Colour psychology can basically be defined as the inquiry into colours and how they have a say on human behaviour. Colour exerts influence on perception which is not noticeable such as the taste of a meal. Colour also has the capacity to improve the efficacy of the placebo effect. For instance, most stimulants usually come in either red or orange colours, this gives the user a thought pattern that the stimulant is bound to perform its exact duties.

Colour can also have influence on an individual. However, it should be noted that such effects would vary between people. Some factors such as the age of an individual, the gender and culture, can impact how a person sees colour. For instance, it would be a common notion for a heterosexual to think that a red clothe improves the attractiveness of a female, while a heterosexual female would deny any clothe outfit which enhances that of men.

In branding and marketing, colour psychology is an important tool. A good number of marketers employ colour in marketing, because it can be utilized in influencing the emotions and perceptions of their potential customers, when it comes to the sale of goods and services. In the creation of logos, companies also put colour psychology to use. These logos can impact customers because the colours which are used, goes in line with the goods or services.

Below are common colours and the emotions and ideas which they are associated with:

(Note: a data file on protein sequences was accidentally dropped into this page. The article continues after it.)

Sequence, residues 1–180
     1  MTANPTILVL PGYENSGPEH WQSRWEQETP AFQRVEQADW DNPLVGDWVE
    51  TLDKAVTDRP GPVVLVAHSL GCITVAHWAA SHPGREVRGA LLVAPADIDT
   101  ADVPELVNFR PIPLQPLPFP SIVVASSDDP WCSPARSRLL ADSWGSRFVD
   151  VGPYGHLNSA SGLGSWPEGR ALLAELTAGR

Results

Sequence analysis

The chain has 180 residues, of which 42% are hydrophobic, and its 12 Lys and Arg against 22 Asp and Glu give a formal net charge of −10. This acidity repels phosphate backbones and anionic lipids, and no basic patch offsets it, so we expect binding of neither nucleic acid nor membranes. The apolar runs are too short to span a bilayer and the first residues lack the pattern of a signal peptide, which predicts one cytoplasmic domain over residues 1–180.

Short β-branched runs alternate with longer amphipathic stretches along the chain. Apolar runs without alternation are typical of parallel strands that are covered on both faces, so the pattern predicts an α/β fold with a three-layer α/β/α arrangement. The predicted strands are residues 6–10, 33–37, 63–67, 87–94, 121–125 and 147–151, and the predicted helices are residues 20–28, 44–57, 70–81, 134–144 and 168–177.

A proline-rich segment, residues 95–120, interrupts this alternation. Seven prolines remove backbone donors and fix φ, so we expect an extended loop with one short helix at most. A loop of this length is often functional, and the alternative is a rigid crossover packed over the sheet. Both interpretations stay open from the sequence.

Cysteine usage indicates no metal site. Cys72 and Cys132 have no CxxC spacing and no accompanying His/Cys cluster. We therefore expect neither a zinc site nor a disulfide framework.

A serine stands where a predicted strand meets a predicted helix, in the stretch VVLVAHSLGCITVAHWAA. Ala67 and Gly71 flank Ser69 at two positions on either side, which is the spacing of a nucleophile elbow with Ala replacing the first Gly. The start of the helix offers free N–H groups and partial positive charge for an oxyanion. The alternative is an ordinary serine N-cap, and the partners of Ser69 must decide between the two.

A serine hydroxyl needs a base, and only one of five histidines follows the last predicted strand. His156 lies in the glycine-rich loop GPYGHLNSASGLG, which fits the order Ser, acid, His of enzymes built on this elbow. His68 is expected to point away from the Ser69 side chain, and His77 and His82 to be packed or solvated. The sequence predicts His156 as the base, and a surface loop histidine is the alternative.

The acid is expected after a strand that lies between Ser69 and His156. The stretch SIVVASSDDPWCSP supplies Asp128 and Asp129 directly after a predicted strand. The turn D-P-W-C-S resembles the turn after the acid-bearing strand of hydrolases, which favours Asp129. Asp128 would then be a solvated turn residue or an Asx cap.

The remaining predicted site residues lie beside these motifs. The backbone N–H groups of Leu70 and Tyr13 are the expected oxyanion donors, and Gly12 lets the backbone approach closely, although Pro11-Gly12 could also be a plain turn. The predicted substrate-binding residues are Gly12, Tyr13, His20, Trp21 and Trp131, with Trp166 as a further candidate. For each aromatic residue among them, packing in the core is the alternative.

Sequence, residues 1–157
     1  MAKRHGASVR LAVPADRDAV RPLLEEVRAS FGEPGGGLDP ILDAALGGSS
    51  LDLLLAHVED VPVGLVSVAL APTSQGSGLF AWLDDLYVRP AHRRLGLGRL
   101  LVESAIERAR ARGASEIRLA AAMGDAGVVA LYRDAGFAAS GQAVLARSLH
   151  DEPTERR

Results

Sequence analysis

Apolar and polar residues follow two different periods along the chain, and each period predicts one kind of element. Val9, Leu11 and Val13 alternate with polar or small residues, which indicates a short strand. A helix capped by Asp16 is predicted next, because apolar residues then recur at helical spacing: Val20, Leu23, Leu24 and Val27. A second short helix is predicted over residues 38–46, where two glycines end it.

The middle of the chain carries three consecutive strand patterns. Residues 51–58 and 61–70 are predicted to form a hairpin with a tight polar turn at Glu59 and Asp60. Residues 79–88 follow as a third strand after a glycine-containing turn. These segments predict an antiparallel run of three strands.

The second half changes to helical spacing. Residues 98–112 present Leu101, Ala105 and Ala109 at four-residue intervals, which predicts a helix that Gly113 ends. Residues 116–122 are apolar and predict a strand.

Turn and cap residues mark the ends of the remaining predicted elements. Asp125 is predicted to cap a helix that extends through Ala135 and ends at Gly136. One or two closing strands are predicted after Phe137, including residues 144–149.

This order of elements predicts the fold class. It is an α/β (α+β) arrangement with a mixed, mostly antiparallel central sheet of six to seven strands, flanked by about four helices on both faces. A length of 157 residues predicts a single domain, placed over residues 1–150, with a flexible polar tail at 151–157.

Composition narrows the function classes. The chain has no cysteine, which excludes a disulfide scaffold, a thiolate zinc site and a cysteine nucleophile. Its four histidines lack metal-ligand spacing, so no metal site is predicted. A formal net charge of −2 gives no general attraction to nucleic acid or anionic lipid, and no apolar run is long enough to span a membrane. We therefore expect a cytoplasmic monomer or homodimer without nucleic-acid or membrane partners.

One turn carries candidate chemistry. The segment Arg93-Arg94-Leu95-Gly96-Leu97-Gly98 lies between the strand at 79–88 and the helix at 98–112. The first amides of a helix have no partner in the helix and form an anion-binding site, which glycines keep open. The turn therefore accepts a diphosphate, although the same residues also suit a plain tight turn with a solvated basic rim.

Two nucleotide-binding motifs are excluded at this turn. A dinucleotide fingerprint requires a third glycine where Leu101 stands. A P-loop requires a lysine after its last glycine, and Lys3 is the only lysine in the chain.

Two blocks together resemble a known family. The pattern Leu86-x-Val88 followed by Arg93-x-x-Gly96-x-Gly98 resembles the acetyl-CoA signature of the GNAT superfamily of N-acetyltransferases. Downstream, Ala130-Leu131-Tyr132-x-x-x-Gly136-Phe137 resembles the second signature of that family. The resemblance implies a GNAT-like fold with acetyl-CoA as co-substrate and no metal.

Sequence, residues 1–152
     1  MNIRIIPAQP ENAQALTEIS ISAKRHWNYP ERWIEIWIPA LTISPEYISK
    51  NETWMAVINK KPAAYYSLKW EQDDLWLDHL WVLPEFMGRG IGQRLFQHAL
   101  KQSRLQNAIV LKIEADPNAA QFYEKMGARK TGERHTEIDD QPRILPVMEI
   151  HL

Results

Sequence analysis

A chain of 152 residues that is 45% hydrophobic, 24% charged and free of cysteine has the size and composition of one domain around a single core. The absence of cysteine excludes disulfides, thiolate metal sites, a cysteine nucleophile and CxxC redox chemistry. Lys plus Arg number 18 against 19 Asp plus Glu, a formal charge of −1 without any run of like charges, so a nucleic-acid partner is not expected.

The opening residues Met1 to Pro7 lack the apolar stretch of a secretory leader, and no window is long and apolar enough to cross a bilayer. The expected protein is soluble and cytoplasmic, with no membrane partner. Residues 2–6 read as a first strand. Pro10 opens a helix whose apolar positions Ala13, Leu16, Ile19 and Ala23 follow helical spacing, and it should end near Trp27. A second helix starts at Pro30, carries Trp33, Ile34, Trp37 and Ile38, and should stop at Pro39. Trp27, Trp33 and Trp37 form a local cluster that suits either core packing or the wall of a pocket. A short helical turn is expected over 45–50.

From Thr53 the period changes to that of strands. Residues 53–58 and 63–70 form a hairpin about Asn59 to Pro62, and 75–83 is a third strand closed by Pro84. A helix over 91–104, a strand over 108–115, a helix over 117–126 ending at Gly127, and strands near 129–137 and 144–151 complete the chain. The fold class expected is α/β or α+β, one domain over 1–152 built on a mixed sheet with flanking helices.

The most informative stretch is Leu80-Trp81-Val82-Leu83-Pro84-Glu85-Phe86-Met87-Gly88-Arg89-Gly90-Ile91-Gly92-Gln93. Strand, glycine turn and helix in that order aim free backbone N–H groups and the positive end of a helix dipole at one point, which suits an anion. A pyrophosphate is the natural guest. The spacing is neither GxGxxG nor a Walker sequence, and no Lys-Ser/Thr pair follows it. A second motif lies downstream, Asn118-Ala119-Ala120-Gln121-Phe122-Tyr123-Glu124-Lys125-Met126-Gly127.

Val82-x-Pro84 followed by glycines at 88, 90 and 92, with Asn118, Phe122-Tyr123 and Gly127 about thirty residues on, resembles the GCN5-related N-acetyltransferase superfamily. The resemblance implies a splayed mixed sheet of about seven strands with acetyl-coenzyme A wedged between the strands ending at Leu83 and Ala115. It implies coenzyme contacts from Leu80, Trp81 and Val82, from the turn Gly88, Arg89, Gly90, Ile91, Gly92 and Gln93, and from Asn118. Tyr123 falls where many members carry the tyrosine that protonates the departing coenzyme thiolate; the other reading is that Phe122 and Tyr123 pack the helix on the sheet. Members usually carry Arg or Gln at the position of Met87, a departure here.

• Red: Warning, courage, love, aggression, rage
  • Blue: Trust, efficiency, sadness, security, coolness
  • Yellow: Energy, fear, frailness, honour, hope
  • Green: Health, favour, ambition, passivity, compassion
  • Orange: Wisdom, pride, pleasure, desire, loneliness
  • Purple: Wealth, impatience, wisdom, dignity, arrogance
  • Pink: Joyfulness, lack of willpower, passiveness, calmness, sweetness
  • Black: Emptiness, security, coldness, gloom, aggression
  • White: Perfection, sterility, cleanliness, coldness, goodness

Colour psychology has a conventional model which is based on six fundamental principles:

  • Colour could carry a specific meaning
  • The meaning of colour is either based on innate learning or learned meaning
  • The discernment of colour induces automated evaluation by the person observing
  • The evaluation process induces a behaviour which is colour-motivated
  • Colour imposes influence spontaneously
  • The meaning and effect of colour has a link with its context